It might sound odd to say this about something people deal with at least three times a day, but food in America has been more or less invisible, politically speaking, until very recently. At least until the early 1970s, when a bout of food price inflation and the appearance of books critical of industrial agriculture (by Wendell Berry, Francis Moore Lappé, and Barry Commoner, among others) threatened to propel the subject to the top of the national agenda, Americans have not had to think very hard about where their food comes from, or what it is doing to the planet, their bodies, and their society. Most people count this a blessing. Americans spend a smaller percentage of their income on food than any people in history—slightly less than 10 percent—and a smaller amount of their time preparing it: a mere thirty-one minutes a day on average, including clean-up. The supermarkets brim with produce summoned from every corner of the globe, a steady stream of novel food products (17,000 new ones each year) crowds the middle aisles, and in the freezer case you can find “home meal replacements” in every conceivable ethnic stripe, demanding nothing more of the eater than opening the package and waiting for the microwave to chirp. Considered in the long sweep of human history, in which getting food dominated not just daily life but economic and political life as well, having to worry about food as little as we do, or did, seems almost a kind of dream.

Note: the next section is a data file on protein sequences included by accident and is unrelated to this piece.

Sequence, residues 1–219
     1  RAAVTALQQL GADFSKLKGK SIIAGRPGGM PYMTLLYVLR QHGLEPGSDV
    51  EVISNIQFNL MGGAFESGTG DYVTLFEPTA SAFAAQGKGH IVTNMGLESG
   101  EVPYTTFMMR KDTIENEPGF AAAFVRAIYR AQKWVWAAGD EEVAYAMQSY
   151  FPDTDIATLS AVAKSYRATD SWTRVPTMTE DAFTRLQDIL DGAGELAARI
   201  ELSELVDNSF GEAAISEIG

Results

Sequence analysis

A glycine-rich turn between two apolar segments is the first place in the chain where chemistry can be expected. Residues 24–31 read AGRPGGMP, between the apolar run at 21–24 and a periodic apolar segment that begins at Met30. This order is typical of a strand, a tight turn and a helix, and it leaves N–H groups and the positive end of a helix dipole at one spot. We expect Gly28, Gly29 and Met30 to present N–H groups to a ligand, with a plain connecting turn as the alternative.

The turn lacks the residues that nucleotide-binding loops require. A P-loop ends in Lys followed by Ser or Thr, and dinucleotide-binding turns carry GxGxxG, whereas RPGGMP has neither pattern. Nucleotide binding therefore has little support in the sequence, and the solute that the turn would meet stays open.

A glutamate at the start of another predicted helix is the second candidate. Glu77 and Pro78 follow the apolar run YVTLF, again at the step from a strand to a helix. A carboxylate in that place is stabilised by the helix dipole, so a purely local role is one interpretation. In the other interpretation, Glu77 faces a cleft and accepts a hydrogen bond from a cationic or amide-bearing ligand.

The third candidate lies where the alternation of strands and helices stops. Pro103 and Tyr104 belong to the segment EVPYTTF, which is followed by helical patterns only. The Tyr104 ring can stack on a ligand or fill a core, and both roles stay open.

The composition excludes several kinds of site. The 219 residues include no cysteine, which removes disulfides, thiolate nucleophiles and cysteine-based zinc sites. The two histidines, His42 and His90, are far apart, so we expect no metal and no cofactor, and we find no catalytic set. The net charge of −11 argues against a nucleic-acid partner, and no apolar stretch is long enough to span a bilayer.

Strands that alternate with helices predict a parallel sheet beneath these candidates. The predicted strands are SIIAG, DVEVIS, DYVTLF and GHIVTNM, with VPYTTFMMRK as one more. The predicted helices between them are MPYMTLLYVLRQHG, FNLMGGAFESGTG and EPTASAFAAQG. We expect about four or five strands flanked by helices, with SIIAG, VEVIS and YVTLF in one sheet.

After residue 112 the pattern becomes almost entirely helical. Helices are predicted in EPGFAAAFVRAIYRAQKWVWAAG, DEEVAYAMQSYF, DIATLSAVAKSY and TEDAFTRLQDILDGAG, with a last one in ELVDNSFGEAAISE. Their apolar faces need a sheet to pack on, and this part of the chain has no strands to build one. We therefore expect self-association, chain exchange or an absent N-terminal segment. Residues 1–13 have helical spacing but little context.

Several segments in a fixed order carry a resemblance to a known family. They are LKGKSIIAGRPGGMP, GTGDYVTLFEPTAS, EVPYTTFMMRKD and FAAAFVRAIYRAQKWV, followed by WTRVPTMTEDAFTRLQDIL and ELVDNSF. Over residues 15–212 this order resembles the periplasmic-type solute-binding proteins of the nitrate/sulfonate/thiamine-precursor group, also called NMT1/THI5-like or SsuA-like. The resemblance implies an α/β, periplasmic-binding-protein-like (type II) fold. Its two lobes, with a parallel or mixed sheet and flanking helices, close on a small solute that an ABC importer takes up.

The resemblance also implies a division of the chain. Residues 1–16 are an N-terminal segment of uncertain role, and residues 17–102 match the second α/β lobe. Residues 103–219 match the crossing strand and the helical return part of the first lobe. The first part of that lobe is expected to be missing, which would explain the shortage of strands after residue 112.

more from Michael Pollan at the NYRB here.